Nazi flag outside Struthers home provokes outrage of neighbors

By Sarah Lehr


Neighbors are dismayed to see a Nazi flag flying outside a Narcissa Street home.

A red, white and black flag with a swastika hangs from the house’s porch. Some neighbors also believe they saw a figure of a black man in a noose hanging from the rafters, though at closer range, that object appears to be a tangle of cobwebs and toy rats.

Richard Dilullo said he bought the flag from a flea market as a Halloween decoration.

“Halloween — it’s a time of evil, so I figured I’d put it up there,” Dilullo said.

He said he doesn’t support Nazism or white supremacy, but that he’s not particularly bothered if others see his decor and assume he does.

“I’m sure they’ll be offended,” he said. “Everybody’s offended by everything nowadays.”

Rodney Smith often visits Narcissa Street to check on his elderly mother, Georgianna. The Nazi flag across the street makes him worry for her safety.

“In this day and age, that ain’t right,” he said. “This is a mixed neighborhood.”

Georgianna Smith, 70, avoids Dilullo’s house when walking her dog. Ever since her neighbor put up the flag Tuesday evening, she said, passing cars have been slowing down to look at it. She described the flag as an embarrassment to the neighborhood. It is especially inappropriate, she said, because the house is across from a baseball field and because school buses drive through the area.

“That’s not just a Halloween thing or whatever — it is very offensive,” she said. “It’s offensive to all of us. Why would he do it? Nobody bothers him. He knows it’s a symbol of hate. ... He’s not a child. Even a young person know that’s not right. It’s a matter of respect of yourself, not to mention your neighbors.”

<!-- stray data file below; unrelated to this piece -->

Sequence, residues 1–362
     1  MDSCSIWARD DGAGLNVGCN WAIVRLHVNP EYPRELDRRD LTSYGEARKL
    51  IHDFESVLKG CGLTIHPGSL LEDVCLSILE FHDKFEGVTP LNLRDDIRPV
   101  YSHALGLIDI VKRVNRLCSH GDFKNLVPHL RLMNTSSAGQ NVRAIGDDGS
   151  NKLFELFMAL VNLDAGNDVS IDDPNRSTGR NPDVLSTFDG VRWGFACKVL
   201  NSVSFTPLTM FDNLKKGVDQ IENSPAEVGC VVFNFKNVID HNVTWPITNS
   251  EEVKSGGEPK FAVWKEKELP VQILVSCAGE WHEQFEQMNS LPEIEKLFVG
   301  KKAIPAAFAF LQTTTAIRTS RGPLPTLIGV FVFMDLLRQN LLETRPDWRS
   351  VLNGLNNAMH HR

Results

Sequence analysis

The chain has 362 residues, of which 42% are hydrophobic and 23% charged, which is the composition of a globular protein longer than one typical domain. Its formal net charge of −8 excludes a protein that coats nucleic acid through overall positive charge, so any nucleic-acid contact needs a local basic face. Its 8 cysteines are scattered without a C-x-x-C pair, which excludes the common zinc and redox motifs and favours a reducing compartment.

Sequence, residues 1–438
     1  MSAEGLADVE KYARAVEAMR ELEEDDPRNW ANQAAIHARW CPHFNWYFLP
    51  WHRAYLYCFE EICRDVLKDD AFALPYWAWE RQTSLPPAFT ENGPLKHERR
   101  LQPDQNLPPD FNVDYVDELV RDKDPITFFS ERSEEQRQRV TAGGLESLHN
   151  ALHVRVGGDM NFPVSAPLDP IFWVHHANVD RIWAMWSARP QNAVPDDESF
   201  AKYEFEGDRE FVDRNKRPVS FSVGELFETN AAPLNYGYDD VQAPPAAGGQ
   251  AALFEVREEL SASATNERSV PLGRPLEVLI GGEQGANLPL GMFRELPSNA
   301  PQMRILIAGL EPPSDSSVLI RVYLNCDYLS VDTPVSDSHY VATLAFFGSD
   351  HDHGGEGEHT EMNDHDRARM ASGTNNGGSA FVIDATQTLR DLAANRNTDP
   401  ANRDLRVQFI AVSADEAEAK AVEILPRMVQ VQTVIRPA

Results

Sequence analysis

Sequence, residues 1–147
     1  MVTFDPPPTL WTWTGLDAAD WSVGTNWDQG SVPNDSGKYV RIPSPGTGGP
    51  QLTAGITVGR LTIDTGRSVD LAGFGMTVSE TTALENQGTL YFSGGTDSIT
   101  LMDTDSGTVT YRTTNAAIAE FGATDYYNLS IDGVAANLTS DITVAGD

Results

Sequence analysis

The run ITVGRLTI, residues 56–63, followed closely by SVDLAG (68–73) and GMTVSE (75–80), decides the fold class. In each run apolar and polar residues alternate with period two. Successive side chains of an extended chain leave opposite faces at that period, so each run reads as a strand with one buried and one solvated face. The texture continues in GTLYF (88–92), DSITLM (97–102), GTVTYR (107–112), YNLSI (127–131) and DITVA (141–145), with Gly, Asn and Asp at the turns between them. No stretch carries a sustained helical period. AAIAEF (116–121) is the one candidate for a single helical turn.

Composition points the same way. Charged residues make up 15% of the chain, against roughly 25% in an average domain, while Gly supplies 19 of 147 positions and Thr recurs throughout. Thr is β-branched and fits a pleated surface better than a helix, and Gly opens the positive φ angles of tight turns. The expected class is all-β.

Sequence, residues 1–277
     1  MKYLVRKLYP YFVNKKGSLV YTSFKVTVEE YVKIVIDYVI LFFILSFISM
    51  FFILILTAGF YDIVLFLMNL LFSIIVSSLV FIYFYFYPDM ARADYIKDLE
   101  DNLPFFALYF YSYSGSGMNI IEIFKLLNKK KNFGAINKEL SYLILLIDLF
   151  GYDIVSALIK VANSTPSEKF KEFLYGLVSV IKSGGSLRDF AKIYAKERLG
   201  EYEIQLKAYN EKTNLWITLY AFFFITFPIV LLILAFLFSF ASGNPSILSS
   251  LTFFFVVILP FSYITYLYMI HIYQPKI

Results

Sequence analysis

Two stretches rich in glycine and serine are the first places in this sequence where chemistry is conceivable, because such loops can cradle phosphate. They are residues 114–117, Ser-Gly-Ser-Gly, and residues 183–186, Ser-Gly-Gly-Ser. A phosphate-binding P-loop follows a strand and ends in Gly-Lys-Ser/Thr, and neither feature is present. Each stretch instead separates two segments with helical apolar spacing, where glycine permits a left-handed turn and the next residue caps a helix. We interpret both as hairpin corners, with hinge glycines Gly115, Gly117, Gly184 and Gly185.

Georgianna and her next-door neighbor, Gene Devoe, were on the phone with each other Wednesday to discuss their outrage.

“We’ve got all types of races living here and we all kind of stick together as a street,” Devoe said. “This is our street. This isn’t one person’s street. ... Putting that up is a ridiculously stupid thing to do. It needs to come down, and if he doesn’t take it down, I’ll take it down for him. They can send me to jail. I don’t care.”

He added, “I ride a motorcycle. Some of the other motorcycle club guys are into Nazi stuff. I don’t get involved with that crap. ... You know, I’m German. I had relatives in the Holocaust.”

Asked how someone might react to the flag if that person had lost a relative in the Holocaust, Dilullo said: “It’s a flag. If they’re offended, don’t look at it. I mean, I have a grandpa who died of a heart attack, and I don’t get offended when I drive by McDonald’s.”

Dilullo said none of his neighbors approached him directly to complain about the flag.

Several people, however, called police about the Nazi symbol.

“Basically, you have a guy exercising his First Amendment rights,” Struthers Police Capt. Daniel Aldish said Wednesday. “We haven’t been able to talk to the individual yet and let him know that he might want to take down things that some might find offensive.”

Mark Noel, another Narcissa Street resident, said he believed the flag was a free- speech issue, but that he personally hoped his neighbor would take it down.

“I don’t want to see that here,” Noel said. “I don’t want to see that anywhere.”